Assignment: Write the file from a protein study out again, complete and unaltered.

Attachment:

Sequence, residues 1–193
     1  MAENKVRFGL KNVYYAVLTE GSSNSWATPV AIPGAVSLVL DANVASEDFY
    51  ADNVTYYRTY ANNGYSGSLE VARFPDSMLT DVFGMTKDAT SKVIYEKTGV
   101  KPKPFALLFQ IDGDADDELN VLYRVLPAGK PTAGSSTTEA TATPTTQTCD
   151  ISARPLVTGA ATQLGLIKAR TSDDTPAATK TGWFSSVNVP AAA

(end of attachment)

Sequence, residues 1–193
     1  MAENKVRFGL KNVYYAVLTE GSSNSWATPV AIPGAVSLVL DANVASEDFY
    51  ADNVTYYRTY ANNGYSGSLE VARFPDSMLT DVFGMTKDAT SKVIYEKTGV
   101  KPKPFALLFQ IDGDADDELN VLYRVLPAGK PTAGSSTTEA TATPTTQTCD
   151  ISARPLVTGA ATQLGLIKAR TSDDTPAATK TGWFSSVNVP AAA